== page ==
“Swingin,’ swingin’ on the porch on a hot day…” are the lyrics that open this CD, and are from one of the songs Mia wrote, “Little Bit of Love”. It sets the southern sultry tone immediately. Take one part acoustic instrumentation, one part soft crooning voice, add a little imagination, and the romantic southern vibe is bouncing around inside your imagining head, courtesy of Mia Vermillions’ self-produced and arranged CD, Alone Together With The Blues.
Not bad for a Seattle woman! Two of the nine songs on this CD are penned by Mia, and the rest arranged by her. She covers such blues mega-hits as “In the Dark, Two Cigarettes in the Dark”, and, “I’m Going to Copyright Your Kisses.” Lost you? Well, you’re not alone. Look at who Mia covers on this CD: Lil Green, Mary Lou Williams, Raymond Leveen.
You think Mia knows her stuff? If you happen to Wikipedia most of these covers, you’ll find that most of the writers were playing the blues in the next bardo before Mia was even born. Lew Pollack? Let’s give you William Lee Conley, whom most of us know as Big Bill Broonzy. She covers his “When I’ve Been Drinking” and “I’m Going to Copyright Your Kisses.”
Now you can really impress your friends at a dinner party with this CD. First off, they’ll catch the voice and ask who it is. The really curious will ask for the jacket. That means you need to get it! While the next round of forks goes into the fondue pot, you’ll be able to amaze all your friends with your knowledge not only of the lesser known artists on this CD that Mia covers, but you’ll be able to point out the finer points of it musically.
For this CD Mia enlisted the services of several Seattle area musicians, including Orville Johnson, Chuck Deardorf on stand-up bass, and Ben Smith on assorted percussion devices.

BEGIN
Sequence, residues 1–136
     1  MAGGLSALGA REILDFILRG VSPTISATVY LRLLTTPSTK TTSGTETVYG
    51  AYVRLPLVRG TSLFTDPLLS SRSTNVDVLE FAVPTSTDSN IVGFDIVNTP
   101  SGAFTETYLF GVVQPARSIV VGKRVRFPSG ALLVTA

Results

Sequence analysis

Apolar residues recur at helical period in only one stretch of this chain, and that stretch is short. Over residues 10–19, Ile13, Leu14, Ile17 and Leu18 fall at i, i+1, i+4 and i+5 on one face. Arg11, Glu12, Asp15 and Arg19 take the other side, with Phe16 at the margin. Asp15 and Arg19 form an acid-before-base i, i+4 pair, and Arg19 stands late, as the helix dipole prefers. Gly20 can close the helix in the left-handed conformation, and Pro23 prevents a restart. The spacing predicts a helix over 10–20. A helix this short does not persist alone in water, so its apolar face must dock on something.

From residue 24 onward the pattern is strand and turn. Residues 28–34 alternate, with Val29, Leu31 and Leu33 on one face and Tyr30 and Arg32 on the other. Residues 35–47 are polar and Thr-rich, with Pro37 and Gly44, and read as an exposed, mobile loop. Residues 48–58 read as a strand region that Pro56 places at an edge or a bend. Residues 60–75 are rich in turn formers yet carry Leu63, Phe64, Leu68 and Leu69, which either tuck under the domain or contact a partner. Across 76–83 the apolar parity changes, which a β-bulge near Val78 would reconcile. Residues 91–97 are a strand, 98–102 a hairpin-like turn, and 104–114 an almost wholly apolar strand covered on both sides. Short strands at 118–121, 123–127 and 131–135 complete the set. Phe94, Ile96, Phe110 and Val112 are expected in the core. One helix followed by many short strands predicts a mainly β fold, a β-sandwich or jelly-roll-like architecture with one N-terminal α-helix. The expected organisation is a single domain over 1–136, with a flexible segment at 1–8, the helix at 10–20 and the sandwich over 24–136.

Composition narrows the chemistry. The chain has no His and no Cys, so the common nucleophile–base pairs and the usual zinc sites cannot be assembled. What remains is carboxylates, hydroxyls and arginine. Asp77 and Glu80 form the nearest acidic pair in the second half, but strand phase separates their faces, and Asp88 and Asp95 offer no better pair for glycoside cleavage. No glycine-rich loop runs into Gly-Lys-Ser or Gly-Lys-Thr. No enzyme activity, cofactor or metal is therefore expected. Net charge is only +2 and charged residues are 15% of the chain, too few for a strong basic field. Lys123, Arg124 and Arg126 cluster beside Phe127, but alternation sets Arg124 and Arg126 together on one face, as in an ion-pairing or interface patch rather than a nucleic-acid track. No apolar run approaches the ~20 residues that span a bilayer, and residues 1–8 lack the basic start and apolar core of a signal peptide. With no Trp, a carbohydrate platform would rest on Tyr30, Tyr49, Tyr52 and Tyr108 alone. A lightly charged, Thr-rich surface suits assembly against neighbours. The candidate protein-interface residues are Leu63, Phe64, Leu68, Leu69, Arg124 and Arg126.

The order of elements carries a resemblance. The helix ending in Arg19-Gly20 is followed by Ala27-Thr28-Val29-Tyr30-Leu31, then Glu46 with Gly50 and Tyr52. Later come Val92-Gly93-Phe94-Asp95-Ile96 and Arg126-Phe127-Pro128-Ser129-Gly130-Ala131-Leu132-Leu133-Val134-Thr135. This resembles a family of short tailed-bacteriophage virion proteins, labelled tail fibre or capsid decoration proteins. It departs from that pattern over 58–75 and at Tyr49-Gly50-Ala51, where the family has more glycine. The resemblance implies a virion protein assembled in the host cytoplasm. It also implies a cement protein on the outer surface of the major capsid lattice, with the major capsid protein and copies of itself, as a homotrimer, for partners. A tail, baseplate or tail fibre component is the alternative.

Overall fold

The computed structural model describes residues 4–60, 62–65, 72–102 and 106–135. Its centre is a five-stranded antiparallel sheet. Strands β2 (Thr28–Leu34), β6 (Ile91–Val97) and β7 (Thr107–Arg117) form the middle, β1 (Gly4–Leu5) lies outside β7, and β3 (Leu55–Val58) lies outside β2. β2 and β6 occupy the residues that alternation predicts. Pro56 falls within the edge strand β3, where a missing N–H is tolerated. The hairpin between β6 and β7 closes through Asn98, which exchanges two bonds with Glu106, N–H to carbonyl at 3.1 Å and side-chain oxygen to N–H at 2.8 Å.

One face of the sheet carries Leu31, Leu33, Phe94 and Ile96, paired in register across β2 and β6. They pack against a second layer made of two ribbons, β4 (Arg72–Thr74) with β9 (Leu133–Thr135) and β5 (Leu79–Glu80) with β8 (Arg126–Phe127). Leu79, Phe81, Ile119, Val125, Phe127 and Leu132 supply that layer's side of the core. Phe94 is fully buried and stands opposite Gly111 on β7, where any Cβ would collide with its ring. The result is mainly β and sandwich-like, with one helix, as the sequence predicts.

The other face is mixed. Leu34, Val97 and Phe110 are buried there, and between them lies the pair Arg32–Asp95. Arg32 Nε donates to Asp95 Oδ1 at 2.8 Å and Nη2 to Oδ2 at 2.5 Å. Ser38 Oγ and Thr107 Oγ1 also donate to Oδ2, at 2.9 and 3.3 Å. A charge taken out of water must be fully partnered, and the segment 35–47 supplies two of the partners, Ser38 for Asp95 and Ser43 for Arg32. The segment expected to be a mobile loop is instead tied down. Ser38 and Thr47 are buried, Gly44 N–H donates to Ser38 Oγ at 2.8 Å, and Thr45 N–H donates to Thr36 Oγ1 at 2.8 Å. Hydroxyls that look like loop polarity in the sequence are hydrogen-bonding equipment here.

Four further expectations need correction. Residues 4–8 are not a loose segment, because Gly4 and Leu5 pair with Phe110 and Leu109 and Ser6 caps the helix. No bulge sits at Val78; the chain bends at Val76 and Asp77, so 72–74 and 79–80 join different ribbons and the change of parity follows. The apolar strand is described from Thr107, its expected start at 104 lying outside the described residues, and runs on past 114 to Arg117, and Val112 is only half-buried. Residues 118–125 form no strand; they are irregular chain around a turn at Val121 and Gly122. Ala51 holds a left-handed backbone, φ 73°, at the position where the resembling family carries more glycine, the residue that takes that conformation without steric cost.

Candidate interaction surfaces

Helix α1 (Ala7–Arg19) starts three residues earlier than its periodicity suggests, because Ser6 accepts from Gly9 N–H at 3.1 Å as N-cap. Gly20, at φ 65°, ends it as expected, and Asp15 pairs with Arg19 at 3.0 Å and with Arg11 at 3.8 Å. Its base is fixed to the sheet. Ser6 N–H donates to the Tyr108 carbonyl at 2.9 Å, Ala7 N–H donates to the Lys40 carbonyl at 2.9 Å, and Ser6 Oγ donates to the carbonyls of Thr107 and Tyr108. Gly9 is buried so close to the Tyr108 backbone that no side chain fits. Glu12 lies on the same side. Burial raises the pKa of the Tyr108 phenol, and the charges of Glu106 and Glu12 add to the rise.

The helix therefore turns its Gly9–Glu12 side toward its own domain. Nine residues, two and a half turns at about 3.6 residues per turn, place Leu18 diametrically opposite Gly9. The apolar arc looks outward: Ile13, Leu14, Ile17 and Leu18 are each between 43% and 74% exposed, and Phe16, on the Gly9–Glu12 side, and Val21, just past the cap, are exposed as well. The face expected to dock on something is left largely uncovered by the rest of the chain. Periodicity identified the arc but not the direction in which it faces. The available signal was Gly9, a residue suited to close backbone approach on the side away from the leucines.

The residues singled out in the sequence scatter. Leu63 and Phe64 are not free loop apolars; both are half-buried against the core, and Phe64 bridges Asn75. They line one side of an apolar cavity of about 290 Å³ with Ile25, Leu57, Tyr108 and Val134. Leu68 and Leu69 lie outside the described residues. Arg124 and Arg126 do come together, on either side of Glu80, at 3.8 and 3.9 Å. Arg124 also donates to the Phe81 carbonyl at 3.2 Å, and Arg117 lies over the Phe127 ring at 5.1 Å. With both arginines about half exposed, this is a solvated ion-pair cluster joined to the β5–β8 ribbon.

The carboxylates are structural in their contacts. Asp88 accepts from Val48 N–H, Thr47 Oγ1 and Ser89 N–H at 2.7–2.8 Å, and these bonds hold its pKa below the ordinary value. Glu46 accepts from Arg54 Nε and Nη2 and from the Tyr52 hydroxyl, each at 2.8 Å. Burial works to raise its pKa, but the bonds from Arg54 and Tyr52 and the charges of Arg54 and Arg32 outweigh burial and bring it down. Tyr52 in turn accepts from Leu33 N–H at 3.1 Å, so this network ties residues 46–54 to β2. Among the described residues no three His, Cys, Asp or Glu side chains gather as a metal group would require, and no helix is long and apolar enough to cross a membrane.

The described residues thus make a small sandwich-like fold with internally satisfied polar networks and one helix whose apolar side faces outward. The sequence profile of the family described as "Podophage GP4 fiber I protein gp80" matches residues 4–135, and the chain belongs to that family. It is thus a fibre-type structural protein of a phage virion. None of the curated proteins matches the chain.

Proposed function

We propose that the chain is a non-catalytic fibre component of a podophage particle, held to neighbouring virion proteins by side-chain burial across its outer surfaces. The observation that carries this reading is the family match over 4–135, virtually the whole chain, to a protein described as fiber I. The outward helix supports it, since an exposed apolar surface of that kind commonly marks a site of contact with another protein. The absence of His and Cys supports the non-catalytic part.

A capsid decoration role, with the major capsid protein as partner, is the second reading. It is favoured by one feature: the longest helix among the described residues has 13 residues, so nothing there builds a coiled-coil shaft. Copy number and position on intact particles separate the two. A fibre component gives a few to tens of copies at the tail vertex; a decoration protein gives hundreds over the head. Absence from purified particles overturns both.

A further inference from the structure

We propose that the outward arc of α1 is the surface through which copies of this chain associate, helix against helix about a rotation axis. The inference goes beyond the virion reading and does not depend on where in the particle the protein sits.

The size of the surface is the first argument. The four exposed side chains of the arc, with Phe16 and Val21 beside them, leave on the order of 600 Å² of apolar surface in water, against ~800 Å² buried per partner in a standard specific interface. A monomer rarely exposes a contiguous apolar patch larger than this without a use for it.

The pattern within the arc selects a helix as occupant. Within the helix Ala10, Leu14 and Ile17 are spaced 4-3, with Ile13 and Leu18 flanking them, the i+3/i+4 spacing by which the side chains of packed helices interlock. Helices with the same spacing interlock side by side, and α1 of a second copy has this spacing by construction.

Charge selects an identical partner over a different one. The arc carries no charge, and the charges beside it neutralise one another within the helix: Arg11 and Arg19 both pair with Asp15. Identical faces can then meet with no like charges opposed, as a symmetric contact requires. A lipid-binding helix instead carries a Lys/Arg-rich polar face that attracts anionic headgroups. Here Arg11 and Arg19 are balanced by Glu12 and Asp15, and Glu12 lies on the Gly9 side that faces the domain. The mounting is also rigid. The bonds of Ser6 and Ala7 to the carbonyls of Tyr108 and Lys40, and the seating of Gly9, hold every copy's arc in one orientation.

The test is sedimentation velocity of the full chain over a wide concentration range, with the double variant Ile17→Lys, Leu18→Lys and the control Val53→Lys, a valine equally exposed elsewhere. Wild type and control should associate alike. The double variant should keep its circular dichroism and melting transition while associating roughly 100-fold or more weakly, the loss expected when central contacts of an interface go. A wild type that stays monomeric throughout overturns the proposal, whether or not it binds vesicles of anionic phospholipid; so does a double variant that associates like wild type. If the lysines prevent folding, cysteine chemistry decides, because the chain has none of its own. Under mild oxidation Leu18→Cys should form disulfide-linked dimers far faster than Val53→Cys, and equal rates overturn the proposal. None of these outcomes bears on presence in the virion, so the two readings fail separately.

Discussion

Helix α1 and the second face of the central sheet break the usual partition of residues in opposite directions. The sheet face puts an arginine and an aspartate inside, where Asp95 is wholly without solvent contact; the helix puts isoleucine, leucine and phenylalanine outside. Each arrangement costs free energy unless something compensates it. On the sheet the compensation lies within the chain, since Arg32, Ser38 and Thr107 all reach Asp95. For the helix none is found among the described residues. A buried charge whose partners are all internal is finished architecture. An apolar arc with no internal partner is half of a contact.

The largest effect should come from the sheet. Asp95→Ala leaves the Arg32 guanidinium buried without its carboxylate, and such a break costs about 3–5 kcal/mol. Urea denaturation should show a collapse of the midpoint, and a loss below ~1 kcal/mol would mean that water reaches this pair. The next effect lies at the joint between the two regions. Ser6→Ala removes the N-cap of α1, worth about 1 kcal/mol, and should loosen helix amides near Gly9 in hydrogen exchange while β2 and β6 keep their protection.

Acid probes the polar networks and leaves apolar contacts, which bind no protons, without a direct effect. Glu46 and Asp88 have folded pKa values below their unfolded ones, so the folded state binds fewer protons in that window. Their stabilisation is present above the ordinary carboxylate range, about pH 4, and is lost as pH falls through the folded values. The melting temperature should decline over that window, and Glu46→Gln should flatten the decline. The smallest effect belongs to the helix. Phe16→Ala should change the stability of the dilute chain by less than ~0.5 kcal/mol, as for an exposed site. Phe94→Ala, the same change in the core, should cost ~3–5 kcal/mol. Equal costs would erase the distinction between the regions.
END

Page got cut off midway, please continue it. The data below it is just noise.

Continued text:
For example, you can point out on the Lil Green song, “In the Dark”, with a delightfully soft, laid back bass line, and the quiet, layered, intricate guitar lines of Mr. Johnson. Or you can point to the last song, Lew Pollack’s “Two Cigarettes in the Dark”, and mention the Hans Teuber clarinet line weaving in and out of the guitar lines.
Or, in Leroy Carr’s song “In the Evening”; the creative touches of her own background vocals and the steel drum. You can point to some absolutely amazing dobro work, as demonstrated in almost two opposite examples on “When I’ve Been Drinking”, and Mary Lou Williams’ “Walkin'”.
You can definitely point out the awesome construction of the other song Mia penned, “Love’s Lost and Found”. The snare rolls and flams that seem to come and go willy nilly (they don’t), the dobro line on top of the guitar. It’s a great piece, perhaps the star of the album.
Dare we call this high brow blues!? Elitist!? Yikes! This is no simple stuff. Excellently arranged and produced, not a party CD, but for something smaller and more intimate, this CD is a hit. So buy yourself a copy and have some fun. Impress your friends and neighbors. Most of all, enjoy Mia Vermillion’s Alone Together With The Blues